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How do South African companies report on sustainability?

- Wits University

Warren Maroun examines how companies are reporting on different sustainability metrics in their integrated reports.

Maroun, a Professor in the Wits School of Accountancy, recently started research into the corporate reporting by JSE-listed companies, including how they communicate the impact of serious environmental and social issues to their stakeholders.

While South Africa is seen as a world leader in terms of integrated reporting, companies fall short of linking the impacts of their social, human, manufacturing and environmental capital in their reporting, mainly due to a lack of knowledge of how this should be done.

“If you think about accounting, the first thing you think about is income statements and balance sheets. How do you take non-financial issues like the extinction of species, global warming and social unrest into account?

How do you work out what their cost to the company is? How do you report that information in your annual integrated report?” he asks.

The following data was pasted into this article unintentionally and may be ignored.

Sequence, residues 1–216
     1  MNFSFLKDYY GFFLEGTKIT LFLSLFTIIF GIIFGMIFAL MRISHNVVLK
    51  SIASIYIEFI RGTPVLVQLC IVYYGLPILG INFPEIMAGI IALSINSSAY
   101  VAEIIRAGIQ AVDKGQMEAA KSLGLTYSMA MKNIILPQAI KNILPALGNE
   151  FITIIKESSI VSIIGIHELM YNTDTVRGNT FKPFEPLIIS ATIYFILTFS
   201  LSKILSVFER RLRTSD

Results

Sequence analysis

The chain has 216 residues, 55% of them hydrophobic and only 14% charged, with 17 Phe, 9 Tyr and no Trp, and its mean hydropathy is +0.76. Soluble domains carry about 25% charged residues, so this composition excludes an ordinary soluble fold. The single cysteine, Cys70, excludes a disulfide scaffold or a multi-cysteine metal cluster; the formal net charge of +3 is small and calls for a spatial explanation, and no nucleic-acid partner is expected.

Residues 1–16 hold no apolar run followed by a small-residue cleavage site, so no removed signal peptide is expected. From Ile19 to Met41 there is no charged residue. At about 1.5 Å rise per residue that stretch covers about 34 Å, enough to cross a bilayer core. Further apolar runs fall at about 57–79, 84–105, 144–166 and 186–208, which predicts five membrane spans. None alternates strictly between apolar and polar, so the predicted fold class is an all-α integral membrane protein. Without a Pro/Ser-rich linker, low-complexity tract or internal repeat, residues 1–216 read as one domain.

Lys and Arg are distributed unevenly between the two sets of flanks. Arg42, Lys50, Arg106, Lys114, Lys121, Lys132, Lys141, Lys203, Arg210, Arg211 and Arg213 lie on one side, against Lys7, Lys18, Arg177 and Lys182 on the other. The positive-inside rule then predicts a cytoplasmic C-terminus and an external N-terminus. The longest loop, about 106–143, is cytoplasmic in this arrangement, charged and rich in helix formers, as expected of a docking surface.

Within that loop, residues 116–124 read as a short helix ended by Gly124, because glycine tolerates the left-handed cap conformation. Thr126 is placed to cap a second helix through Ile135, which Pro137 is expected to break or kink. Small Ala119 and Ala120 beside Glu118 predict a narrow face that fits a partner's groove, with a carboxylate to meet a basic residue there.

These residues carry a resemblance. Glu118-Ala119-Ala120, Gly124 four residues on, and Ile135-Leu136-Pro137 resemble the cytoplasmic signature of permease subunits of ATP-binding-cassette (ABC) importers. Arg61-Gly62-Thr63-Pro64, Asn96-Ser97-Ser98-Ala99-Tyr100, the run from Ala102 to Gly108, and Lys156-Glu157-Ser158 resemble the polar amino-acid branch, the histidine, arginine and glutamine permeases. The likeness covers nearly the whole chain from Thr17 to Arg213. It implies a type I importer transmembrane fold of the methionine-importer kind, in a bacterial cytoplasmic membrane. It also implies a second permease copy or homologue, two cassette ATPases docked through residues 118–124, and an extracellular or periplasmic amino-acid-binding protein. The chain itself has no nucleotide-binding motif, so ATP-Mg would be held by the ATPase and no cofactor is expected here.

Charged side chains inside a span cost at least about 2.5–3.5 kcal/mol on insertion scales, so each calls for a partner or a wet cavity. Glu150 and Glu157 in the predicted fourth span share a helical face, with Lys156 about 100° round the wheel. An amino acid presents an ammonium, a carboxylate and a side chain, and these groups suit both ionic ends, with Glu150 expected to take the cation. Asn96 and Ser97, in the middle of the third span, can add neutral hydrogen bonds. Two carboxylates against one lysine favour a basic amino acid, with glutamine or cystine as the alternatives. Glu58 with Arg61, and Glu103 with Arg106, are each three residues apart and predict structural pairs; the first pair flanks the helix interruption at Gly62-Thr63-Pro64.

“What companies are supposed to do is to give you a very complete picture of how they create value.”

A good integrated report includes traditional financial performance but must also take into account environmental, social and ethical considerations. This is something which companies are struggling to achieve.

“A traditional accounting system is rand and cents focused.  We measure everything in terms of rand value. Now we have to take into account these important performance issues and it is very difficult or almost impossible to quantify them,” he says.

As an example, he asks how a mining company explains to investors the cost of improving the accommodation of mine workers so that they do not have a Marikana-type incident. How do they measure how satisfied the employees are with the reforms that they have introduced? How do they communicate the impact that the reforms have had on their financial returns and how do they understand and quantify the improvement in efficiency in operations in their manufactured capital as a result?

“A truly good integrated report is able to explain links between different types of capital - financial, manufacturing, social, human and environmental capital. It describes the relationship between these types of capital and quantifies the relationship,” says Maroun.

“The companies are able to identify the capital and they are able to describe the relationship but the actual interconnection and the quantification of the relationship between the capital is extremely difficult to achieve.”

While he is only seven months into the project, Maroun is confident that he will be able to come up with some answers.

However, the deeper he gets into the research, the more questions arise.  Maroun is a Chartered Accountant and a Wits lecturer.  He holds a PhD from Kings College, London.